Sesión 5

Jack has proposed to Gwendolen, but her mother is not happy. Can Jack persuade Lady Bracknell that he is the right man for her daughter?

Sesiones en esta unidad

Sesión 5 puntuación

0 / 3

  • 0 / 3
    Actividad 1

Actividad 1

Drama

The Importance of Being Earnest, Part 3: Lost and found

Journey back to Victorian London with us for the third episode of The Importance of Being Earnest, based on the original comedy by Oscar Wilde.

Jack has proposed to his darling Gwendolen, and she has accepted. But Gwendolen's mother, Lady Bracknell, has other ideas. Meanwhile, Algernon has become interested in Jack's cousin, Cecily.

While you listen to the audio, see how many examples of comparatives and superlatives you can spot. Then take a look at the transcript to see them in bold.

Escuchar el audio y completar la actividad

Mostrar la transcripción Ocultar la transcripción

Narrator
Jack has asked Gwendolen to marry him. She thinks his name is Ernest, her favourite name, and has happily accepted. But her mother, Lady Bracknell, is not pleased about the engagement. She wants to ask Jack some questions about his background and finances.

Lady Bracknell
Now, Mr Worthing, I am quite prepared to add your name to my list of eligible young men for my daughter if you answer my questions in a suitable way... Do you smoke?

Jack
Well, yes, I do.

Lady Bracknell
I'm glad to hear it. How old are you?

Jack
Twenty-nine.

Lady Bracknell  
The best age to be married in my opinion. What is your income?

Jack
Between seven and eight thousand a year.

Lady Bracknell  
Seven and eight thousand... Do you own a house?

Jack
Well, I have a country house with some land.

Lady Bracknell
A country house! How many bedrooms? You have a town house, I hope? A girl like Gwendolen could not be expected to live in the country.

Jack
Well, I own a house in Belgrave Square, but I rent it to Lady Bloxham. 

Lady Bracknell
Very well. Now to more minor subjects. Are your parents living?

Jack
I have lost both my parents.

Lady Bracknell  
To lose one parent, Mr Worthing, is unlucky; to lose both looks like carelessness. Who was your father?

Jack
I'm afraid I don't know. The fact is, Lady Bracknell, I said I had lost my parents. It would be more truthful to say that my parents lost me... I was... well, I was found.

Lady Bracknell
Found!

Jack
The late Mr Cardew, one of the kindest gentlemen I've ever met, found me, and gave me the name of Worthing, because he happened to have a ticket for Worthing in his pocket at the time. Worthing is in Sussex. It's the most delightful seaside resort... 

Lady Bracknell
Where did this kind gentleman find you?

Jack
In a handbag.

Lady Bracknell
A handbag?

Jack
Yes, Lady Bracknell, I was in a handbag - a rather large, black handbag, with handles to it.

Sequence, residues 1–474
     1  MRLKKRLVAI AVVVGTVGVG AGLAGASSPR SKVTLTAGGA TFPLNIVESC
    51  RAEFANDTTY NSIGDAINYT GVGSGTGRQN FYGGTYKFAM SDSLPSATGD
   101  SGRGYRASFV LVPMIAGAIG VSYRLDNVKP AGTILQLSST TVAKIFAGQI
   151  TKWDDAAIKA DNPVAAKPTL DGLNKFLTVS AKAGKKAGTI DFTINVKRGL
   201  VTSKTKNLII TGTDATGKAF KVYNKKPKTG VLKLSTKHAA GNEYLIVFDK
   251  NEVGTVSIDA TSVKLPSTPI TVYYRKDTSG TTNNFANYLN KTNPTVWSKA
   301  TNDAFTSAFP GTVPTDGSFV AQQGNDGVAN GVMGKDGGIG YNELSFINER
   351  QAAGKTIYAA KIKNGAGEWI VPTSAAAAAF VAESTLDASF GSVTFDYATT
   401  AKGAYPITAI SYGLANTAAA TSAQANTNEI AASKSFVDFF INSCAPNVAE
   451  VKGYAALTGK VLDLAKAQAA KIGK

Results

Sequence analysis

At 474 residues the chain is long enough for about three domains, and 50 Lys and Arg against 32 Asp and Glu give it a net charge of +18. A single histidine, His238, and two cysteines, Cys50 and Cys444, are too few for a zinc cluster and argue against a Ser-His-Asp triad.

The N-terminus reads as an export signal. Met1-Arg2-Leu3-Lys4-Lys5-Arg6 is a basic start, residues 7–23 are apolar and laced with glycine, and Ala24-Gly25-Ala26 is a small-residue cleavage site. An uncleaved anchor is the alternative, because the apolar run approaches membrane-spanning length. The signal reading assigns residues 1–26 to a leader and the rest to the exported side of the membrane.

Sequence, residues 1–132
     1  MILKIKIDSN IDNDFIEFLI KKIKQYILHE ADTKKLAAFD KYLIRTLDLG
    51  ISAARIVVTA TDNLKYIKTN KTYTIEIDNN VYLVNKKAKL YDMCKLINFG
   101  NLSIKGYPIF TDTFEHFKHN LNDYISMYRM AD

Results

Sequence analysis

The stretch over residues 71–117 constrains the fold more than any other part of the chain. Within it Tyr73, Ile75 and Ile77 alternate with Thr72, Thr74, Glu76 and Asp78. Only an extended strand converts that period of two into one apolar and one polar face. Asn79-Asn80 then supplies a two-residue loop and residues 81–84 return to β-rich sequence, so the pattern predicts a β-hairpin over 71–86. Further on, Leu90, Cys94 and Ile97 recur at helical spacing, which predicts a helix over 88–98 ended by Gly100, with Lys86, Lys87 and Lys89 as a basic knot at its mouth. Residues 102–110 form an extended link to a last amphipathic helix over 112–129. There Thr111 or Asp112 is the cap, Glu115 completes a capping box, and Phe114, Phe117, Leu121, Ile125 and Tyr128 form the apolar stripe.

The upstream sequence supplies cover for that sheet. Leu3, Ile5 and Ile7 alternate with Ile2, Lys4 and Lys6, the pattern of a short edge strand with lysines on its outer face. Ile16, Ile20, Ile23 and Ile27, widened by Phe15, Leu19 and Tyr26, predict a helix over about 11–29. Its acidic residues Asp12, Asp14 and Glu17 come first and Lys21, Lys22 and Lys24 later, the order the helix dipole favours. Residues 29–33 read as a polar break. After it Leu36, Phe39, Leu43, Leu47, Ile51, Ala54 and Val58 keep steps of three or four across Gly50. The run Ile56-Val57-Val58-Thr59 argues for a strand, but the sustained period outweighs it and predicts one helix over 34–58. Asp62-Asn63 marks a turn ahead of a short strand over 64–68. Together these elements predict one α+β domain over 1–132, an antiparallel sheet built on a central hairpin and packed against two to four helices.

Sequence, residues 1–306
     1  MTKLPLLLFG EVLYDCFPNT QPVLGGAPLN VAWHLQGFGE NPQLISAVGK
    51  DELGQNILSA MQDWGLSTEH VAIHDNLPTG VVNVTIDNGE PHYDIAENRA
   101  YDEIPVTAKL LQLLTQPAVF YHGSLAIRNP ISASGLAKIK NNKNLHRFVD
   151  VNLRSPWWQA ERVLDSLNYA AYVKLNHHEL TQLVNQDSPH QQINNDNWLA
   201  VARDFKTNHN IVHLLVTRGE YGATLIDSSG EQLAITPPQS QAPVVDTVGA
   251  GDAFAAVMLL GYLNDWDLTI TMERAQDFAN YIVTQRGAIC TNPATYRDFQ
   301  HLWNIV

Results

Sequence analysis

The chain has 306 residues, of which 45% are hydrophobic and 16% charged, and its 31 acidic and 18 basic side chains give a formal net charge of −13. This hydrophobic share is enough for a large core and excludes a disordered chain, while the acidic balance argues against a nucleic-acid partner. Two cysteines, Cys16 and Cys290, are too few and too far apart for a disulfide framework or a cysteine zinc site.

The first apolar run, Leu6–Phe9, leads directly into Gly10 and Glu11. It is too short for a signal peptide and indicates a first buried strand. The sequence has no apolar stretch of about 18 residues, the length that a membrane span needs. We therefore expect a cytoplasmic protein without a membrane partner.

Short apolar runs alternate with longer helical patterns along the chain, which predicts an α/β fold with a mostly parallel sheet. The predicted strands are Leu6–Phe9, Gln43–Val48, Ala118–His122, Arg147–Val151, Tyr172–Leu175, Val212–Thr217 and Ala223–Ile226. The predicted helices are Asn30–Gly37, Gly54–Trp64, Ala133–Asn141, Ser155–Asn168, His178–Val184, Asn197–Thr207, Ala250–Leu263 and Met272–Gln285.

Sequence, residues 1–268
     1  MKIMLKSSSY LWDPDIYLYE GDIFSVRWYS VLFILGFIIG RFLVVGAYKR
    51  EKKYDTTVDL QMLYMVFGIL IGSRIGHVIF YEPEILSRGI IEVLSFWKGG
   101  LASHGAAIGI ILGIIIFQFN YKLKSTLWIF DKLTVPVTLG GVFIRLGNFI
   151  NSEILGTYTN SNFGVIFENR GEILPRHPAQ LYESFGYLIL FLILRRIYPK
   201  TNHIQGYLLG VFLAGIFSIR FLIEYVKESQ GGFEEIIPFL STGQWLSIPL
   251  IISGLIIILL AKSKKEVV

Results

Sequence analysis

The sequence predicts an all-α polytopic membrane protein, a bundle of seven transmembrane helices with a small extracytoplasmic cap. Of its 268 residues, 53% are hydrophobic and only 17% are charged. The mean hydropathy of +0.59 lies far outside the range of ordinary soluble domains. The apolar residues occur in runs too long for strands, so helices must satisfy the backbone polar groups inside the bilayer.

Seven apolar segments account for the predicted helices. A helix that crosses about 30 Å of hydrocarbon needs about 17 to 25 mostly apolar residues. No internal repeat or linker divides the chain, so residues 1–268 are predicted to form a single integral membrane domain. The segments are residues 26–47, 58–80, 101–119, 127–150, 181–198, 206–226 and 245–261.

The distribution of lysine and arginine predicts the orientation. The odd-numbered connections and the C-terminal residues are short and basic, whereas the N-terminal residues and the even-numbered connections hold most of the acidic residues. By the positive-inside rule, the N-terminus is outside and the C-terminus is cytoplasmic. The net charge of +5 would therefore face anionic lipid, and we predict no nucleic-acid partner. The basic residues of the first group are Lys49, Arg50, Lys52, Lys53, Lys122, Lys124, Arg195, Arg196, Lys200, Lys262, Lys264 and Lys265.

Lady Bracknell  
And where did Mr Cardew come across this ordinary handbag?

Jack
In the cloakroom at Victoria Station. It was given to him by mistake instead of his own.

Lady Bracknell
The cloakroom at Victoria Station?

Jack
Yes. 

Lady Bracknell
Mr Worthing, I have to say I feel rather confused by what you have just told me. To start life in a bag, whether it had handles or not, shows a lack of respect for family life. As for the bag being found in a cloakroom at a railway station, that isn't the best way to begin a successful life in society today.

Jack
May I ask you then what I should do? I would do anything to ensure Gwendolen's happiness.

Lady Bracknell
I would strongly advise you, Mr Worthing, to acquire some relations as soon as possible, and to try to produce at least one parent.

Jack
Well, I don't see how I can do that. I can produce the bag now. It's at home. That should be enough for you, surely, Lady Bracknell.

Lady Bracknell
Mr Worthing! You can hardly imagine that I and Lord Bracknell would allow our only daughter to marry into a cloakroom, and form an alliance with a parcel? Goodbye, Mr Worthing!

Jack
Goodbye! 

Algernon
How did it go? Oh, didn't it go well, old boy? Did Gwendolen refuse you? 

Jack
Oh, as far as Gwendolen is concerned, we are engaged. Her mother, though, is perfectly unbearable. She's a monster... I beg your pardon, Algy, I shouldn't talk about your aunt in that way in front of you.

Algernon
My dear boy, I love people being rude about my relations. It's the only thing that makes me put up with them.

Jack
You don't think Gwendolen could become like her mother, do you, Algy?

Algernon
Gwendolen is the most sensible, intellectual girl I know. But all women become like their mothers. That is their tragedy. By the way, did you tell Gwendolen about being Ernest in town, and Jack in the country?

Jack
My dear fellow, the truth isn't the sort of thing you tell a nice, sweet girl.